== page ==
As television and devices that take advantage of our screen time continue to evolve, so does our utter obsession with using TV grow.
Nielsen posted on its blog a study the group recently conducted that looked at what Americans have been using their TVs for in the past six years.
To preface the study, Nielsen shows how TV usage has changed over the past 50 years. In 1960, only seven percent of all households received cable. In 1990, 56 percent received cable and 66 percent owned a VCR. In 2006, 89 percent of TV was viewed live and DVR usage only accounted for 1.6 percent of our TV time.
Things have changed pretty dramatically over the past five years. Today, 98 percent of American homes own a TV and have some kind of device (i.e. DVR, game console, DVD player) attached to the television. The amount of live television content being viewed has dropped to 85 percent while DVR usage accounts for eight percent of our TV time now.
Nielsen says that of three major devices that we connect to our TVs, the DVR gets the most use. While the amount of live TV content being watched may have dropped, it doesn’t mean people are watching less television. In fact, the time a person spent watching TV content increased 19 minutes year-over-year in the first four weeks of 2011.
If the DVR is so important to our watching habits, who is driving it? It would appear that females aged 18 to 54 use the DVR the most by devoting 10 percent of their viewing time to the DVR.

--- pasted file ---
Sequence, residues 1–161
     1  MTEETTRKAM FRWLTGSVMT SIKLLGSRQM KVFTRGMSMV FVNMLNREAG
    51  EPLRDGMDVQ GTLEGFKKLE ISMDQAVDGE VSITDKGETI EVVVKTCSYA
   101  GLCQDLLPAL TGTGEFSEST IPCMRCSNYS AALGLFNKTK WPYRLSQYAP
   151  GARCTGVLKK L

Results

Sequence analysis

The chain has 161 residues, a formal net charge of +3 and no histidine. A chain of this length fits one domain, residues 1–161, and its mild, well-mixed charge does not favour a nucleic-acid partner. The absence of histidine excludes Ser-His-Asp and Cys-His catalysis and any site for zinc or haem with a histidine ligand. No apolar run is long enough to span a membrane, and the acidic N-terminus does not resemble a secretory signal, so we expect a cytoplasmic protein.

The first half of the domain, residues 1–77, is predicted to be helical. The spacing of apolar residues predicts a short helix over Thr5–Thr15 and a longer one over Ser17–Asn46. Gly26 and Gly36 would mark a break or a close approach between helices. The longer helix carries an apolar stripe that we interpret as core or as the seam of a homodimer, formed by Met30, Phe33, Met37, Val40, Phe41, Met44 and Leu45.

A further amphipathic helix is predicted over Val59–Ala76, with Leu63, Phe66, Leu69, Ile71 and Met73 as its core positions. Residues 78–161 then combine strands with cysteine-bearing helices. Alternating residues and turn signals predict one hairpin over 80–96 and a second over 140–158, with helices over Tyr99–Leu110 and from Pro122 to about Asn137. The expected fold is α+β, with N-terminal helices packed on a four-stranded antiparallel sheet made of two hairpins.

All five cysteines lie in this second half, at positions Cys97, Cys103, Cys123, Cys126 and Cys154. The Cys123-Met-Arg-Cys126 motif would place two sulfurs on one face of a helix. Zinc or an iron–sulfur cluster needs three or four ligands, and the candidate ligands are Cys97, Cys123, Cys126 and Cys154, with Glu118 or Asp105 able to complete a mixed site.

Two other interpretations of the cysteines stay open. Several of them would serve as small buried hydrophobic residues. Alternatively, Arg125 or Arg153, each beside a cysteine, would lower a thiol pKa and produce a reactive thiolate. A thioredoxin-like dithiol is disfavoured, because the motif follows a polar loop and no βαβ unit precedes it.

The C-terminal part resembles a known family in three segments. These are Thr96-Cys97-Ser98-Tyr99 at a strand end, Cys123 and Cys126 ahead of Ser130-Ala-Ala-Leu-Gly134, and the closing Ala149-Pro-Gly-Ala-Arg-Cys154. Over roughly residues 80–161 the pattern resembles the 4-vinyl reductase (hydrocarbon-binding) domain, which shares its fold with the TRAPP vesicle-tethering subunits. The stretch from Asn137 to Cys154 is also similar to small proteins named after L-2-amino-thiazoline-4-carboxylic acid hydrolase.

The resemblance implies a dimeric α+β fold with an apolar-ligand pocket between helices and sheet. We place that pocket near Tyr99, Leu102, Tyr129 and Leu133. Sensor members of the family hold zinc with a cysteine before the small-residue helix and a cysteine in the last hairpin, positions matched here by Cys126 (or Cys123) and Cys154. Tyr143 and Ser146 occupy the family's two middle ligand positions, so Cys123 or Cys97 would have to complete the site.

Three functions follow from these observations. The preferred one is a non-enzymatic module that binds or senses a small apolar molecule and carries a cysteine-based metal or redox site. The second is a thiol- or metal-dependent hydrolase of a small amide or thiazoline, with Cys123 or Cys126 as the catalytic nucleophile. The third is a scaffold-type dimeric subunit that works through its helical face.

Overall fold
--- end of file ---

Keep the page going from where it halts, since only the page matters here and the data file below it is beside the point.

It would seem that the lowly DVD player is on its way out as less and less people use them. What has seen an increase is the game console with 3.9 percent of TV time being devoted to them. The increase in game console usage is being driven by teens who devote 11 percent of their TV time to using a game console.
It’s important to remember, however, that game consoles simply replaced the DVD player. With services like Netflix and Hulu as well as its ability to play DVDs natively, it only makes sense for dedicated DVD player usage to drop.
For those wanting to get into the nitty gritty of demographics, Nielsen has you covered. Asian Americans spent the least amount of time watching television in 2011. They did, however, see the biggest increase in viewing from 2010. In contrast, African-Americans and Hispanics spent less time watching TV in 2011 compared to the previous year.
Asian-Americans spent the least amount of time watching live television, but made up for it by devoting the most time to DVR and DVD use. Hispanic homes were found to use gaming systems the most while African-American homes used DVD players the most.
Here’s an image that breaks down TV usage among age groups:
I think I’m mostly surprised by the fact that people in my age group were still using VCRs in 2011. I keep around an old Betamax player for kicks, but I never actually use it.
While traditional TV is still clearly dominating American viewing habits, it’s clear that it’s beginning to lose its lead. The rise of the DVR and game consoles with streaming technology are cutting into its market.
All of this could explain why cable companies want to encrypt their signals. They don’t want to lose any more business to these services or new services like Boxee.